"At Lancaster we telegraphed to Brooklyn, and when we arrived in New York, between ten and eleven at night, Cousin Augustus met us and took us over to Brooklyn. We had ridden three hundred miles since two o'clock that morning, and were very tired. . . . I am glad we came that way, for the children have seen some of the finest scenery in our country. . . . Henry's people are more than ever in love with him, and have raised his salary to $3,300, and given him a beautiful horse and carriage worth $600. . . . My health is already improved by the journey, and I was able to walk a good deal between the locks on the canal. As to furniture, I think that we may safely afford an outlay of $150, and that will purchase all that may be necessary to set us up, and then we can get more as we have means and opportunity. . . . If I got anything for those pieces I wrote before coming away, I would like to be advised thereof by you. . . . My plan is to spend this week in Brooklyn, the next in Hartford, the next in Boston, and go on to Brunswick some time in May or June."

May 18, 1850, we find her writing from Boston, where she is staying with her brother, Rev. Edward Beecher:—

MY DEAR HUSBAND,—I came here from Hartford on Monday, and have since then been busily engaged in the business of buying and packing furniture.

I expect to go to Brunswick next Tuesday night by the Bath steamer, which way I take as the cheaper. My traveling expenses, when I get to Brunswick, including everything, will have been seventy-six dollars. . . . And now, lastly, my dear husband, you have never been wanting . . . in kindness, consideration, and justice, and I want you to reflect calmly how great a work has been imposed upon me at a time when my situation particularly calls for rest, repose, and quiet.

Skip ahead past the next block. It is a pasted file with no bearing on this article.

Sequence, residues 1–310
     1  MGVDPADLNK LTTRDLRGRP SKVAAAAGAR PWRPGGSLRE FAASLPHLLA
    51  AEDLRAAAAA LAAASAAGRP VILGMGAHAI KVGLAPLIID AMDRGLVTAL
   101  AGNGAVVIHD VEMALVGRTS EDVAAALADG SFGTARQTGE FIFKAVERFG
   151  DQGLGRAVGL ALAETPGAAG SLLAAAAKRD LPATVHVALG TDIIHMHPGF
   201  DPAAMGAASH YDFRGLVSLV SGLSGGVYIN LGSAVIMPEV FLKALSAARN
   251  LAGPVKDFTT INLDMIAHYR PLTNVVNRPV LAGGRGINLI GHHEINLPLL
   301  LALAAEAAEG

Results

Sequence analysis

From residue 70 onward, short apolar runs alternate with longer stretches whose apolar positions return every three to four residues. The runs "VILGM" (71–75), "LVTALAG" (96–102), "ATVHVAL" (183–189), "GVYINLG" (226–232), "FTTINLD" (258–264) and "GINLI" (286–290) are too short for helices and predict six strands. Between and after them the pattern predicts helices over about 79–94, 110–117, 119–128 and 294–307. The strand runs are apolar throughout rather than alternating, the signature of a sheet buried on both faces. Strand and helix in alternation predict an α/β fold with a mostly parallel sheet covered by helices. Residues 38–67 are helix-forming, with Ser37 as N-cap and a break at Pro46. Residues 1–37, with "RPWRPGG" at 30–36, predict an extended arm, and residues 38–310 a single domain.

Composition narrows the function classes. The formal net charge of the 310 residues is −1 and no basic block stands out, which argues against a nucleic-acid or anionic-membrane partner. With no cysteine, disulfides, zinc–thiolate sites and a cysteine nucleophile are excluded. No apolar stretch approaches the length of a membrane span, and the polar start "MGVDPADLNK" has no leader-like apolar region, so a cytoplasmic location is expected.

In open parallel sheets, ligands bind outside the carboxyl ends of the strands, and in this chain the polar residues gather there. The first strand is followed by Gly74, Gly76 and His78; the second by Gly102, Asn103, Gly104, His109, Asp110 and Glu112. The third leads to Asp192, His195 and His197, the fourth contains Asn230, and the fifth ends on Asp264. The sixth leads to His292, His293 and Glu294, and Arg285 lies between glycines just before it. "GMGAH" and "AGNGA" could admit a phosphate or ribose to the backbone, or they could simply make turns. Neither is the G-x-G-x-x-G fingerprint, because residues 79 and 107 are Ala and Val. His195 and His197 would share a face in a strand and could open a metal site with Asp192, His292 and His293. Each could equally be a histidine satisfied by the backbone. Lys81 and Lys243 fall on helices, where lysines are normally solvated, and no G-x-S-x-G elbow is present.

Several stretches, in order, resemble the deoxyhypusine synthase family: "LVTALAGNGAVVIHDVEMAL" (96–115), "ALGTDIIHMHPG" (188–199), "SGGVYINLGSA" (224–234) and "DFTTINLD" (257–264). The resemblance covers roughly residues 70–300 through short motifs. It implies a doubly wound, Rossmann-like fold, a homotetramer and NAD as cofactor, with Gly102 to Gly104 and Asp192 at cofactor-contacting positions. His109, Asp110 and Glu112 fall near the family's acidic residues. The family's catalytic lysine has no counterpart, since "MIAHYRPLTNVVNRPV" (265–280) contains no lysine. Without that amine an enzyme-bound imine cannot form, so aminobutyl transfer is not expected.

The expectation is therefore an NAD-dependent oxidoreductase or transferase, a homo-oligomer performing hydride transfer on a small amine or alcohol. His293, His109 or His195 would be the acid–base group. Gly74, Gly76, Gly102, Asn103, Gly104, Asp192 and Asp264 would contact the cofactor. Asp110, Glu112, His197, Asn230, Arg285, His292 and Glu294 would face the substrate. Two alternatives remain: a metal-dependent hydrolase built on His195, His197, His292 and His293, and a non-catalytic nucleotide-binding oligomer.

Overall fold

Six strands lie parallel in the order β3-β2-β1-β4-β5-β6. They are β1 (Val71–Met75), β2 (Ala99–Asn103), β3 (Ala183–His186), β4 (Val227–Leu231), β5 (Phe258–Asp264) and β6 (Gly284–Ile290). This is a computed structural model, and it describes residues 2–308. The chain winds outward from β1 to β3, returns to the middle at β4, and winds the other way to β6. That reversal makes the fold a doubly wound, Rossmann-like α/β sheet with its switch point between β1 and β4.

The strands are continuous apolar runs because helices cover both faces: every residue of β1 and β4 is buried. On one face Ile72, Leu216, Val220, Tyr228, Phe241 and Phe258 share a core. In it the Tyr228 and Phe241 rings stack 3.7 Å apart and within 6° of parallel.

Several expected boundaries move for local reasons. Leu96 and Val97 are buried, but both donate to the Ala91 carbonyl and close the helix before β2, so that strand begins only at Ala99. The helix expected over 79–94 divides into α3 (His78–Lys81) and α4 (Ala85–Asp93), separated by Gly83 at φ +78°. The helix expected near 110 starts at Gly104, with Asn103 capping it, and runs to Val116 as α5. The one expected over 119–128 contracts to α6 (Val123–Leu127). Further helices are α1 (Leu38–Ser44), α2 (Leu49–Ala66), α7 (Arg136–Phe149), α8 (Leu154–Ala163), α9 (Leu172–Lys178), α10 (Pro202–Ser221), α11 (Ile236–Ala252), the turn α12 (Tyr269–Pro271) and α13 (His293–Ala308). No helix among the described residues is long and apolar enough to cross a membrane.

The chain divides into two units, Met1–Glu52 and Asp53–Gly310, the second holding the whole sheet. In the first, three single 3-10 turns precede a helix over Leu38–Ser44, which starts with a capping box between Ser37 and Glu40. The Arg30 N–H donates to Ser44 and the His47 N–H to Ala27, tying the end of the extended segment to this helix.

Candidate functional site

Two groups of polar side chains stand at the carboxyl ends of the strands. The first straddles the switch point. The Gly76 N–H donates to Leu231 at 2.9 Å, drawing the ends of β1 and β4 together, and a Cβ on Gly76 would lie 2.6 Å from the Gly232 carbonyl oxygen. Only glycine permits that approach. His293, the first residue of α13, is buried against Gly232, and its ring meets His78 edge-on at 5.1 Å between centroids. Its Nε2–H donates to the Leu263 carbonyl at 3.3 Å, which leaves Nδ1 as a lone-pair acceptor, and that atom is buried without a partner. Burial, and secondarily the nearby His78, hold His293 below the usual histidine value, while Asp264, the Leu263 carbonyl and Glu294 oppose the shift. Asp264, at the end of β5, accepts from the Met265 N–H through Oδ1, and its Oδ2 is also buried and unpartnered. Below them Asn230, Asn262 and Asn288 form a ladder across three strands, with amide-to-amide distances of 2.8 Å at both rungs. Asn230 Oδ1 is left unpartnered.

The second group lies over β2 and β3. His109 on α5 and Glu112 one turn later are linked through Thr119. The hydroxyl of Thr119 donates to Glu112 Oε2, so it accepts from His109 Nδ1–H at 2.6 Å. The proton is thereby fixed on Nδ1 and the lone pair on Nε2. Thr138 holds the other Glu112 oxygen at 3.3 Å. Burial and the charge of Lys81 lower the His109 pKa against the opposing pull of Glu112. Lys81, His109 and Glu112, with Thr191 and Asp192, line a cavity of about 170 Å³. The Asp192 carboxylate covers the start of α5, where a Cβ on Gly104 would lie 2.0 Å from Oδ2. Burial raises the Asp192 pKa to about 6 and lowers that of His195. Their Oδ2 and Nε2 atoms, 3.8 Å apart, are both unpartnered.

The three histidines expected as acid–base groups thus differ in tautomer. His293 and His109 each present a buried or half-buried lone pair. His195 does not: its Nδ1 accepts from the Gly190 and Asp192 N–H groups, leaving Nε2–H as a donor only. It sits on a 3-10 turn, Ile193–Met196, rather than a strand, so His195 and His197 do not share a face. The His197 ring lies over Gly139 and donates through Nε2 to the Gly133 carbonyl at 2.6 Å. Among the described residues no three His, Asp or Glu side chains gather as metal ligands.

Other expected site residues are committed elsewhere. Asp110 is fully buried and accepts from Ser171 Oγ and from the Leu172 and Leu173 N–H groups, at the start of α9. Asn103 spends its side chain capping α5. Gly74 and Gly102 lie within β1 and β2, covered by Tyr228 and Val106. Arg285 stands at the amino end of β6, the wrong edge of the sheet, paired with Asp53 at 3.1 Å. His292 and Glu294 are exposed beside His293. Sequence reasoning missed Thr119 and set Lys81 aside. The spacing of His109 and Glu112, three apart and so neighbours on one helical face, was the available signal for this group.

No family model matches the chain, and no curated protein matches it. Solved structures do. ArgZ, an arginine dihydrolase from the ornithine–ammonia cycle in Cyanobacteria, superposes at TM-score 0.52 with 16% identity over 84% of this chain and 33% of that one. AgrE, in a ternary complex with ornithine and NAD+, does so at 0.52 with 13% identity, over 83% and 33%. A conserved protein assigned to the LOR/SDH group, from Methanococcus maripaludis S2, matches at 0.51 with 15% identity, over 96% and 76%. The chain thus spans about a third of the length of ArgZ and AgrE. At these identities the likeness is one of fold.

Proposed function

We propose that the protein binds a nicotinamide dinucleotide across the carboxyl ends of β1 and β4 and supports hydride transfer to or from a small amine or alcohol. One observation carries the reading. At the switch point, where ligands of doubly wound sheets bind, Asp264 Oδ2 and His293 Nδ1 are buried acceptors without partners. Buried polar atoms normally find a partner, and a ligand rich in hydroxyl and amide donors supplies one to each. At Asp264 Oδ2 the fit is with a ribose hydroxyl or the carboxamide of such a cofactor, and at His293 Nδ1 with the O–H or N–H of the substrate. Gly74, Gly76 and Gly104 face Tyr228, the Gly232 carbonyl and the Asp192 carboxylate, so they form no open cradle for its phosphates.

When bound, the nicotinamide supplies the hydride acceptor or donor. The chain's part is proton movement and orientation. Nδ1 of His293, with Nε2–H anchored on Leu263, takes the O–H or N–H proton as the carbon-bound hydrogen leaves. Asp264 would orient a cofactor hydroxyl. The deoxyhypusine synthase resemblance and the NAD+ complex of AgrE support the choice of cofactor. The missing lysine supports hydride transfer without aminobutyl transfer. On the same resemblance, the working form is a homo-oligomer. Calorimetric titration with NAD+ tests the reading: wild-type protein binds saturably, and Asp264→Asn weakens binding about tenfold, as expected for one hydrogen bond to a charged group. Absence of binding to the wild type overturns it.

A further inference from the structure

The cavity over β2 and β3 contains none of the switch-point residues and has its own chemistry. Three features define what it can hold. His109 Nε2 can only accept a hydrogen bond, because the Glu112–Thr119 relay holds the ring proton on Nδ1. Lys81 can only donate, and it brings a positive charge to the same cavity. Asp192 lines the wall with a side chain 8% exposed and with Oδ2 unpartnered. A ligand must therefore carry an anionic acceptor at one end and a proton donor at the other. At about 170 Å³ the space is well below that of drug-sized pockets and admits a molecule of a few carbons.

To come alone such a distance with the whole charge of children, accounts, and baggage; to push my way through hurrying crowds, looking out for trunks, and bargaining with hackmen, has been a very severe trial of my strength, to say nothing of the usual fatigues of traveling.

It was at this time, and as a result of the experiences of this trying period, that Mrs. Stowe wrote that little tract dear to so many Christian hearts, "Earthly Care a Heavenly Discipline."

On the eve of sailing for Brunswick, Mrs. Stowe writes to Mrs. Sykes (Miss May): "I am wearied and worn out with seeing to bedsteads, tables, chairs, mattresses, with thinking about shipping my goods and making out accounts, and I have my trunk yet to pack, as I go on board the Bath steamer this evening. I beg you to look up Brunswick on the map; it is about half a day's ride in the cars from Boston. I expect to reach there by the way of Bath by to-morrow forenoon. There I have a house engaged and kind friends who offer every hospitable assistance. Come, therefore, to see me, and we will have a long talk in the pine woods, and knit up the whole history from the place where we left it."

Before leaving Boston she had written to her husband in Cincinnati: "You are not able just now to bear anything, my dear husband, therefore trust all to me; I never doubt or despair. I am already making arrangements with editors to raise money.